Optimizing Relationships To Manage Pain

Relationships play a crucial role in chronic pain. Having a healthy support network can help you cope with chronic pain while being socially isolated or being in a toxic relationship can significantly worsen your condition.


Many people with chronic pain stop socializing with others because they feel miserable, but by doing this, they lose access to the physical and emotional support that others can provide them with. It's important to stay connected to close friends or family who are supportive and who you can have fun with. Remember that relationships are not based on doing things together...strong relationships are about being together and enjoying each other's company. So you don't have to host a dinner or go out for specific activities. Simply chatting over a cup of tea on a regular basis is quite sufficient to help you cope better.

Toxic Relationships

Many people with chronic pain cope poorly with their condition because they have to deal with being bullied or harassed (at work or at home) in addition to their pain. In these situations, it is vital to have a network of people to support you against the harassment. Equally important, you need to learn how to establish your personal boundaries and assert yourself in a relationship. There are many ways of being assertive in a relationship and a psychological professional can help you develop these skills.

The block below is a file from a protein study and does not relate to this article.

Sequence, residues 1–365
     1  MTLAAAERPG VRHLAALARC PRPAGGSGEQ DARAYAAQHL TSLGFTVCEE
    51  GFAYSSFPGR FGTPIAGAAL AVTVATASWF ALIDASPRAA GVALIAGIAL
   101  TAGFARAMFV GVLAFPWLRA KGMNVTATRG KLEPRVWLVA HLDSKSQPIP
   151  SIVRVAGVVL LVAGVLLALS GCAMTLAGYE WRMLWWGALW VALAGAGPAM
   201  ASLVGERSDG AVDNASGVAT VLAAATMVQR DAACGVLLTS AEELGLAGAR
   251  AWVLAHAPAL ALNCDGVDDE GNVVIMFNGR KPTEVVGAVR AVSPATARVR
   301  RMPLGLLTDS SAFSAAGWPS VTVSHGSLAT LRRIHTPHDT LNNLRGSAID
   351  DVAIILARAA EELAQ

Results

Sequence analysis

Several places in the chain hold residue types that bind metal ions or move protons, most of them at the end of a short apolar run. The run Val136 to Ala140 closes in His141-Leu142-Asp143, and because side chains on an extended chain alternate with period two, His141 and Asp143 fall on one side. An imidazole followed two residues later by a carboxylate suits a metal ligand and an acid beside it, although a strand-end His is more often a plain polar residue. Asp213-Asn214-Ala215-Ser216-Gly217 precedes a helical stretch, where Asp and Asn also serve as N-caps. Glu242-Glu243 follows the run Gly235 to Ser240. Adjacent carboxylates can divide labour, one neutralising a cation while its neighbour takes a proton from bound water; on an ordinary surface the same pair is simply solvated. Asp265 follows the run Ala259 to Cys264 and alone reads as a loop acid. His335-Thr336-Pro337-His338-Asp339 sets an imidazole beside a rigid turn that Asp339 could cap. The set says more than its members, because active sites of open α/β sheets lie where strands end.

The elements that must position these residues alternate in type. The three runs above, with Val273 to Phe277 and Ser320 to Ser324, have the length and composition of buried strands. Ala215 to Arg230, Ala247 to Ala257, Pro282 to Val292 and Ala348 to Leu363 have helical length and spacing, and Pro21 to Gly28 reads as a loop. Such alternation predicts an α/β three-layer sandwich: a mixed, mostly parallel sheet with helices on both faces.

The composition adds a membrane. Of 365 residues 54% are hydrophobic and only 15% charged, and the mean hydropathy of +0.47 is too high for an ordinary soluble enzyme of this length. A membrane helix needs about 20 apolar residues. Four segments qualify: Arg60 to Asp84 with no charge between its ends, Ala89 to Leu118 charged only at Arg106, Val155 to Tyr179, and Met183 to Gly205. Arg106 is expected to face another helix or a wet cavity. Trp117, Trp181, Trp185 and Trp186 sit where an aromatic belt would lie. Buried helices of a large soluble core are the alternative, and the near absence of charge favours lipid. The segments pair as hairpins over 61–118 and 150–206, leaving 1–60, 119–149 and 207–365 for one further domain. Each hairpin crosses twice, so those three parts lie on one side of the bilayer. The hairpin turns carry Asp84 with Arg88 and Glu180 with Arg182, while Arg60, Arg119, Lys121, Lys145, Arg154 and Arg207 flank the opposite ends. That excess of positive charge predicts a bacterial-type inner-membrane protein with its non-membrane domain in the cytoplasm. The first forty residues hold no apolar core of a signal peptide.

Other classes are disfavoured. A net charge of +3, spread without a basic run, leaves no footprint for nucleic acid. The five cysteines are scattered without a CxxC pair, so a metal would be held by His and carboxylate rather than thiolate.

Standing up for yourself does not automatically change the way that others treat you. You cannot control what others do or even the outcome of what you do. But you do have the choice to take action. If you deny yourself this ability to take action, you will perpetuate any feelings of hopelessness and helplessness about your situation.

Dr. Trung Ngo founded Novah Healthcare in 2017, an interdisciplinary clinic that specializes in the conservative management of acute and chronic pain. His Novah clinic will continue the work he did from 2011 to 2017 at Mount Sinai Hospital, where he led an interdisciplinary team in assessing and treating complex, chronic, non-cancer pain. His Mount Sinai team helped patients decrease their pain, improve their daily and vocational functioning and reduce or eliminate their intake of pain medications (including opioids). Dr. Ngo graduated from the Canadian Memorial Chiropractic College and subsequently pursued a residency program at Hamilton General Hospital in which he furthered his training in orthopaedics and pain management.

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